Wednesday, May 23, 2012

I guess that's the point of it all. No one knows for certain how much impact they have on the lives of other people. Oftentimes, we have no clue. Yet we push it just the same.

High school can be epic, amazing and rewarding, but not always. People, and teenagers especially, often forget that for some, high school is dark, disturbing, and ultimately devastating. Who were you in high school? The Breakfast Club comes to mind here, as it always does when discussing high school stereotypes. So which were you? Jock? Princess? Brain? Or were you the loner? The basket case? How did the other kids see you? How did you see yourself? Maybe more importantly, how did you see everyone else? Did you scoff at the jocks and laugh at the plastic princesses, imagining that they had everything, while you had nothing? Or were you popular, pitying and ridiculing those who didn't "fit in?" What if you didn't fit into any category at all? It is often those teens who find it hardest to survive the mayhem that is the high school world. They have no identity, nothing to cling to, nothing to be passionate about or to rail against.

In his debut novel Thirteen Reasons Why, Jay Asher brings us into the world of Hannah Baker, a girl who didn't fit into any of the normal categories. She wasn't disliked, but she wasn't popular either. All she wanted was a few friends to make high school bearable, maybe even memorable. And was it too much to ask for a cute boy to be interested in her too? She wanted what everyone wants on some level: acceptance and friendship. The books opens, though, with Clay Jensen at the post office, mailing a package with no return address. And he mentions his dread of returning to school, where Hannah Baker's desk is. Empty.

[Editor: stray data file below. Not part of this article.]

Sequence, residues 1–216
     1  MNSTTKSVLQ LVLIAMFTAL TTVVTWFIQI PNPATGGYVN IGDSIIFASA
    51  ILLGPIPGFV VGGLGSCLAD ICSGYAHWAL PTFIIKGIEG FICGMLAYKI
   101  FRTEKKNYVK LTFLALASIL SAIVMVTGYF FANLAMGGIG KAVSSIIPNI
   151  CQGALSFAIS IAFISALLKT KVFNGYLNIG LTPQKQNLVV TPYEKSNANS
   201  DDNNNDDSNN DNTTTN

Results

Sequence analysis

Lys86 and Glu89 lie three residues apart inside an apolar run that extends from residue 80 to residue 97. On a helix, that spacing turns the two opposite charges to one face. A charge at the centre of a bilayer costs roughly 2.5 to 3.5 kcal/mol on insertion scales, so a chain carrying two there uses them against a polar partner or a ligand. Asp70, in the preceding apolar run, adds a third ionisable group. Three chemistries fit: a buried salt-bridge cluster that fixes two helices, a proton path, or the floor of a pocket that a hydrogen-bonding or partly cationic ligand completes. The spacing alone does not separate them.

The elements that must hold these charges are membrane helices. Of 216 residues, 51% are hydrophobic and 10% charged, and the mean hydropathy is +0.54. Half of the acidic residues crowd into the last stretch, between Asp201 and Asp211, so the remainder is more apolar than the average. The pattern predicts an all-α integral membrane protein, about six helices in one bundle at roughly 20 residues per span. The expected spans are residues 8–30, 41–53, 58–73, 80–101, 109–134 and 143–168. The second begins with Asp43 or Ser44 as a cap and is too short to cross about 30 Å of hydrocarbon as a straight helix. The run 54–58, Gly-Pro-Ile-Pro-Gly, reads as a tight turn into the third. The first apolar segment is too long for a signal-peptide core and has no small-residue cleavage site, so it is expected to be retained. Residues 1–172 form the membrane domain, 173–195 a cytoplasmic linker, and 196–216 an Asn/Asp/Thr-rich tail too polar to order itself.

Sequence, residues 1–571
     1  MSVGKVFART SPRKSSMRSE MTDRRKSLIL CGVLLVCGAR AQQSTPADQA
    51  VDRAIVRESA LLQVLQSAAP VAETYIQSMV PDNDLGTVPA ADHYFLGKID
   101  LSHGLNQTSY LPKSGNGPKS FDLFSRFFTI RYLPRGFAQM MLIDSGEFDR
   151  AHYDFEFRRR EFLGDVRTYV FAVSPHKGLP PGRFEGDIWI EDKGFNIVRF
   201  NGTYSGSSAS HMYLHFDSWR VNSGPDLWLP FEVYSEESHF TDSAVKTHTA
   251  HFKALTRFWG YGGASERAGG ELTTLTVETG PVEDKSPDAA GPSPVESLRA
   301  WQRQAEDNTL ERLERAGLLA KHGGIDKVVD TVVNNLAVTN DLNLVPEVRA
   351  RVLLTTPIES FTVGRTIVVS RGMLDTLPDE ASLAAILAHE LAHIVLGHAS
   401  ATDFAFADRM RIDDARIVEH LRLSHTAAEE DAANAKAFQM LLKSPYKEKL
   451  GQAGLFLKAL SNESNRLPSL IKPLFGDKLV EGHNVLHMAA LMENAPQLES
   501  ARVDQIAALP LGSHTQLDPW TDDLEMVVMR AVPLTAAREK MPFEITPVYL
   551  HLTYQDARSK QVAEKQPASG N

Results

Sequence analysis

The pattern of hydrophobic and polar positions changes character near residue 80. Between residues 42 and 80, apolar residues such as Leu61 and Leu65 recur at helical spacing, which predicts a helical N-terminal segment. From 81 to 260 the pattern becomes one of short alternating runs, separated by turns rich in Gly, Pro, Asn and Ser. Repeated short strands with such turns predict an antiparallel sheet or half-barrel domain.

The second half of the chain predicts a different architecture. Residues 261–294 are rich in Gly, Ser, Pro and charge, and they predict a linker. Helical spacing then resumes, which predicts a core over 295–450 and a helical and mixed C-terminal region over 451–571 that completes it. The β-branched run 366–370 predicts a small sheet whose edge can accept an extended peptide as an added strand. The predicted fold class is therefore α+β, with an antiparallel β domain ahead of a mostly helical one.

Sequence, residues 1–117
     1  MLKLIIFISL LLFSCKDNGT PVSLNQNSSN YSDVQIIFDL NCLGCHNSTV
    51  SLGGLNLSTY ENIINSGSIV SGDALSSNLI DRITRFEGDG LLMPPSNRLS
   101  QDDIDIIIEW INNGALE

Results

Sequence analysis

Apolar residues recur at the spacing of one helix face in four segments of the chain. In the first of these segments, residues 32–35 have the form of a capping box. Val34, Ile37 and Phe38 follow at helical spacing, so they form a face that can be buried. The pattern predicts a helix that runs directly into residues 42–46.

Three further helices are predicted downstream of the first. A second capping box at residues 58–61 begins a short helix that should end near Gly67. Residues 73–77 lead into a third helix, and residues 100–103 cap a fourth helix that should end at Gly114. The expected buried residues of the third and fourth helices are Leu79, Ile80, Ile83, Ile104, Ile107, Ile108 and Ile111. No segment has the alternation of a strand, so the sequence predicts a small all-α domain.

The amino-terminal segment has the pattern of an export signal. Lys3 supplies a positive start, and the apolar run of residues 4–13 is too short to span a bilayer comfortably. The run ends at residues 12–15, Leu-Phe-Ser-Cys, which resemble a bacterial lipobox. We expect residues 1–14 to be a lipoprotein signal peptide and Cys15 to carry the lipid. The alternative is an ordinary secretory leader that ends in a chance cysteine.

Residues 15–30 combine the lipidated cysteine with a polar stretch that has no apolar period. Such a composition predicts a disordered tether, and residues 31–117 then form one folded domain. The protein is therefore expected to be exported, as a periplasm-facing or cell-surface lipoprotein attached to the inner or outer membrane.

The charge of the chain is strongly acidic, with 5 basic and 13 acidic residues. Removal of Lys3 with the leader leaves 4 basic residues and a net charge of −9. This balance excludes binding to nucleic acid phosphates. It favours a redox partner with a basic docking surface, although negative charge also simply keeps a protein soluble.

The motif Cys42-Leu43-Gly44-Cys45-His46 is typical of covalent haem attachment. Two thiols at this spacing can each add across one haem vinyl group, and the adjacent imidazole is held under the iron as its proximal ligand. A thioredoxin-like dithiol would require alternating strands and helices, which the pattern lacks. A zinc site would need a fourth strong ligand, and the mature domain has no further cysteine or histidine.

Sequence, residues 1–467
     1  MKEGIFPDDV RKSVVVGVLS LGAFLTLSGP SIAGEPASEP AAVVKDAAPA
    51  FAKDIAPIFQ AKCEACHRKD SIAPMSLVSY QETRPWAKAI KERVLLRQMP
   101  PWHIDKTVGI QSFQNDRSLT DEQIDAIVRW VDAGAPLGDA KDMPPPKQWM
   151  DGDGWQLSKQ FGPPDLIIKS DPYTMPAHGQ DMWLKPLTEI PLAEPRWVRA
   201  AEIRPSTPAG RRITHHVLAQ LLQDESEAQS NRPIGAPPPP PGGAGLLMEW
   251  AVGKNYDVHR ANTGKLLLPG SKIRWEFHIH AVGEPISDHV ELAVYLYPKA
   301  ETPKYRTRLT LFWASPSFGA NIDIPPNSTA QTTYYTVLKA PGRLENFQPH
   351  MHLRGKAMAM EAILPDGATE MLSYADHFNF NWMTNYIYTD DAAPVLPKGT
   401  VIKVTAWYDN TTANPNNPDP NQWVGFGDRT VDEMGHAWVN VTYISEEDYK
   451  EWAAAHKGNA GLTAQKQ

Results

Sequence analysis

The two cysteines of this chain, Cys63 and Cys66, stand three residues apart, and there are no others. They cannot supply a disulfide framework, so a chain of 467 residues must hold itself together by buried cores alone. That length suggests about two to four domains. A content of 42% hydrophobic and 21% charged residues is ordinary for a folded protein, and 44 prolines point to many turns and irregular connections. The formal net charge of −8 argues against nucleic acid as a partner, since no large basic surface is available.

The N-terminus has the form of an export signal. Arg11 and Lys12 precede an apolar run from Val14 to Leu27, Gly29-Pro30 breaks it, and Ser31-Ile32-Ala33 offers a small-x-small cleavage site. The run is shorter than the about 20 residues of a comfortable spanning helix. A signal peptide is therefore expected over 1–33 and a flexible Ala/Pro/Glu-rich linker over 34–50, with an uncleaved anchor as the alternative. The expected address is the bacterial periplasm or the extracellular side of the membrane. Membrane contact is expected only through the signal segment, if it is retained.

The day before, Clay had received a package containing seven cassette tapes numbered 1-13. You know, the old fashioned kind with two sides? He digs out a cassette player and puts the first tape in, confused and nervous. The voice on the tape is chilling, like a haunting, because it is Hannah Baker's voice, and Hannah Baker is dead. Hannah Baker committed suicide.

"Hello, boys and girls. Hannah Baker here. Live and in stereo...No return engagements. No encore. And this time, absolutely no requests...I hope you're ready, because I'm about to tell you the story of my life. More specifically, why my life ended. And if you're listening to these tapes, you're one of the reasons why."

Intrigued? You should be. Everyone should read this book. In fact, if you read no other book this year (except for maybe The Hunger Games), this is the one book you want. And you're going to want to pass it on, trust me. It is the story of your actions and how they affect the people around you. All of the little things, the words and the insults and the slights that you don't remember or never meant to give. Jay Asher chose the right subject, the right emotion, the right everything for his debut novel, and I hope that it makes cracks in every person's existence.

Thirteen Reasons Why is dark, disturbing and ultimately devastating. It is the world that everyone is afraid to look too closely at, and the world that we have all touched in some way or another. Let this book impact you, let it open doors and encourage change. Let it teach you, and most of all, let Hannah Baker rest in your heart.

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